In chapter three, Williams meditates on forgiveness and being human. Not forgiving, nor asking for forgiveness, means that we refuse to come out of our own comfort zones which we originally went in to because of the wounds in our heart or of the fear of humiliation when we ask for forgiveness. Only when we come out of such comfort zones could we finally begin to walk on the path of being human.
The topic of chapter four is holiness. Unlike our stereotypical thinking about holiness, Williams urges us to follow Jesus’ holiness who did not mind being pushed to the farthest periphery where the most forsaken and the most marginalized reside. If holiness is one of God’s qualities, then we are very much mistaken about what is holy! For the Lord Jesus ventured into the darkest realms of being human, by which he was called holy.
In chapter five, Williams discusses the public dimension of faith on more personal and communal bases. Personally speaking, I thought that Williams should have really provided more details in order to get his points across more cogently. Initially examining the secular, Williams moves on to various alternatives to the secular, one of which is Islam. However, Williams concludes that Islam is unfit to be the dominant thinking framework worthy of replacing Christianity in the West. All in all, Williams is not focused upon hegemonic religious warfare, but on how the Christian convictions such as the equality of everyone before God and the mutual dependence of every human person on one another, could be conducive to building the common good in the secular and religiously plural society. Given that this book is a beginner’s guide to Christian discipleship, attempts like these are themselves meaningful, yet I could not dismiss the feeling that more details are necessary.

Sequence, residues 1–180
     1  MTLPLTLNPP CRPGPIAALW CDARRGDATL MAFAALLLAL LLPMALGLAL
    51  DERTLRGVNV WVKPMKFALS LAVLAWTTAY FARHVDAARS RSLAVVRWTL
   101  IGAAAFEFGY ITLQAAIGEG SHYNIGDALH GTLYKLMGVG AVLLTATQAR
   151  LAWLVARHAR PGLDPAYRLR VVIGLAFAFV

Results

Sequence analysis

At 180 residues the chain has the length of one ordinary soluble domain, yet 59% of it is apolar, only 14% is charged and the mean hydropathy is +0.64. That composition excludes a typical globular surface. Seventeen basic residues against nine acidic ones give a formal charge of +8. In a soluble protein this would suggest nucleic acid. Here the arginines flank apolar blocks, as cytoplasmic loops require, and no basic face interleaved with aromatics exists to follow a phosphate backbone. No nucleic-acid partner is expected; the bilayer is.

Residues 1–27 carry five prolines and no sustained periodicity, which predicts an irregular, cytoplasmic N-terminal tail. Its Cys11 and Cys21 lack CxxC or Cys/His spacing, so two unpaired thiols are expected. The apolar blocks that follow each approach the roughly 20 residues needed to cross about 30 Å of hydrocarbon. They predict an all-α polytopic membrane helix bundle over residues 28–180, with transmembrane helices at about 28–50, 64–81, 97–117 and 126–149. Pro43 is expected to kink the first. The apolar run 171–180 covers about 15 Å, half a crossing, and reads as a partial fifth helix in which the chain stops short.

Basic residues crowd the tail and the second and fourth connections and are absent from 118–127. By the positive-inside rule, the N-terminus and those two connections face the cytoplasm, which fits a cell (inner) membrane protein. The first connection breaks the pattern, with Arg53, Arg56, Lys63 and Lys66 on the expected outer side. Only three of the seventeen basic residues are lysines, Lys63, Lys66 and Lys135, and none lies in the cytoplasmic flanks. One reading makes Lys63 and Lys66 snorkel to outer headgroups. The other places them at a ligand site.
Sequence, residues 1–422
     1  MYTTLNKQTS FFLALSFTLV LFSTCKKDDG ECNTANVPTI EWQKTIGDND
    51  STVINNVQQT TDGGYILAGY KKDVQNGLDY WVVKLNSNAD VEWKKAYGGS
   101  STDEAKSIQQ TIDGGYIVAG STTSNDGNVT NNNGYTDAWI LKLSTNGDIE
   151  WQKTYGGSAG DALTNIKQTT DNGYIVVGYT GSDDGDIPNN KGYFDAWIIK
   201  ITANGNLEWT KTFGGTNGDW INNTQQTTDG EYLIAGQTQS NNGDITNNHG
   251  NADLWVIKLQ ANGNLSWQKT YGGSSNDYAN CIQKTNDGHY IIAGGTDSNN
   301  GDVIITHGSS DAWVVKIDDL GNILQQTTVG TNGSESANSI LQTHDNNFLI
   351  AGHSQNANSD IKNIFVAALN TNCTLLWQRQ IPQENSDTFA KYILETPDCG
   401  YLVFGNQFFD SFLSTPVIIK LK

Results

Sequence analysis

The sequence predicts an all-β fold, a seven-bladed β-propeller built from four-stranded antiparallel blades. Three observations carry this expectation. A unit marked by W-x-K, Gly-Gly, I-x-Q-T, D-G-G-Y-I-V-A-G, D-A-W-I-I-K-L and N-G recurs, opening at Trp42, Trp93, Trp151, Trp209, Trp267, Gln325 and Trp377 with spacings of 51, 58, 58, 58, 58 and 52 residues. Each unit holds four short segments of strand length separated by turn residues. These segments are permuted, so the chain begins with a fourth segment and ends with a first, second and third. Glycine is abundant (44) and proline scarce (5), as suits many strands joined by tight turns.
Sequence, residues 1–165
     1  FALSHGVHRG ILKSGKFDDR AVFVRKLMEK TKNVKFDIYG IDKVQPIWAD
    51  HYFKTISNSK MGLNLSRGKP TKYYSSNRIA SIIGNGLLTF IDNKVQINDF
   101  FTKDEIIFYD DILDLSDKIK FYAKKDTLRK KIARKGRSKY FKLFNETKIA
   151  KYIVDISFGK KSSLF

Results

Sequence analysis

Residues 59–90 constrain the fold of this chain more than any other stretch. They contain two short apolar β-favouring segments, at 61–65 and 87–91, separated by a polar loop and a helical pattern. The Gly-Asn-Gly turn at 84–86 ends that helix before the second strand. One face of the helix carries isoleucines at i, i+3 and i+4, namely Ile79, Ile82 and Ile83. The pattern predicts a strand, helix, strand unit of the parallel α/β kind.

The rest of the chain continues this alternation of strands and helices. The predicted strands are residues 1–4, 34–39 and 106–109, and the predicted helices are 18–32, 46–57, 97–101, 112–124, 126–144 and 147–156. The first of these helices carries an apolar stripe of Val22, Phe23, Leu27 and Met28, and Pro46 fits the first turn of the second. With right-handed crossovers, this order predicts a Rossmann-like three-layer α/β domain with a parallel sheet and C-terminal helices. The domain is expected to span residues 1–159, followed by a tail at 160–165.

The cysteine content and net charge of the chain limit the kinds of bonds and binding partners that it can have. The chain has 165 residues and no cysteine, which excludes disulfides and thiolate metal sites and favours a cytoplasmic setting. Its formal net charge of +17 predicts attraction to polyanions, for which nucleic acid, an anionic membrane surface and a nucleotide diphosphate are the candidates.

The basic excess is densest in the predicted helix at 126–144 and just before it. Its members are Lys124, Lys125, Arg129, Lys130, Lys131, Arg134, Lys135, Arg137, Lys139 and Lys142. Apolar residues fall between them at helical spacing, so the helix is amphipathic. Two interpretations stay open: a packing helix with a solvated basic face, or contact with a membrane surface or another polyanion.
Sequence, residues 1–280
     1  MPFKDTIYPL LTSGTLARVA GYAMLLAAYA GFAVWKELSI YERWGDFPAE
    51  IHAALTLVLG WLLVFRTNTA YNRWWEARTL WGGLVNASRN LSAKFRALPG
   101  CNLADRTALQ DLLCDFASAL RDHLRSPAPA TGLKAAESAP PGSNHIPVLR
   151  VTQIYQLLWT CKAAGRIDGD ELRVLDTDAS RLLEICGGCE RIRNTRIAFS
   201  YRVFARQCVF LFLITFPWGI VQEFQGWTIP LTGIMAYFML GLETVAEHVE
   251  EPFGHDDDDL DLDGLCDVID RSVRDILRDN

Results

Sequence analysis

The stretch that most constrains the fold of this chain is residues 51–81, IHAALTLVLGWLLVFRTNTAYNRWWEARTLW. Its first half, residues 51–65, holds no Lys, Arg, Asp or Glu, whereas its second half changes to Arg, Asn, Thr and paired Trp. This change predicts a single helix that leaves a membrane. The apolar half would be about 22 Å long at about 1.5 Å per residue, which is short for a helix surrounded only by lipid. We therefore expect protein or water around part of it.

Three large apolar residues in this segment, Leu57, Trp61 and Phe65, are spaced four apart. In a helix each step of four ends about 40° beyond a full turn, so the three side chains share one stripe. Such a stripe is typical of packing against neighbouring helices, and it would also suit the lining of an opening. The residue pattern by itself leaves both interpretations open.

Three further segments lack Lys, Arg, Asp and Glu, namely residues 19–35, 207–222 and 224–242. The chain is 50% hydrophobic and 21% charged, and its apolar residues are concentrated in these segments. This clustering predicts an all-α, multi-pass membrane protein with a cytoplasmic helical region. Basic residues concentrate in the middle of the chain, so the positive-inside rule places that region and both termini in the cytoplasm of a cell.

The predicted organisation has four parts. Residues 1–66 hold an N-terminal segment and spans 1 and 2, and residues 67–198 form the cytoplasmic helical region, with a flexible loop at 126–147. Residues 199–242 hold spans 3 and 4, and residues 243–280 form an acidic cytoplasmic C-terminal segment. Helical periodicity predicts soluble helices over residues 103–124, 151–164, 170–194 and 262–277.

In chapter six, he talks about what constitutes a spiritual life, which is basically virtuous life. He provides four guideposts for leading such a life: self-knowledge, stillness, growth, and joy. Self-knowledge is making a space between who you are and what you desire, feel, and etc, so God can come in and examine you and tell you that you are not dictated by whatever you feel or desire or follow, but by God’s calling your name. Stillness is a natural corollary of self-knowledge, for as many times as you experience and become aware of God’s presence and your identity through such presence, then you will experience stillness. As you experience self-knowledge and stillness, growth happens naturally. Also, the denouement of all these is joy coming from God, which Apostle Paul speaks of even when he was imprisoned.
Overall, this book review is a mere summary of the book, for I don’t think I digested the book fully. I am thinking that I will come back to it over and over again to chew over its message prayerfully. I highly recommend this book to anyone wondering about the ABCs of the Christian discipleship.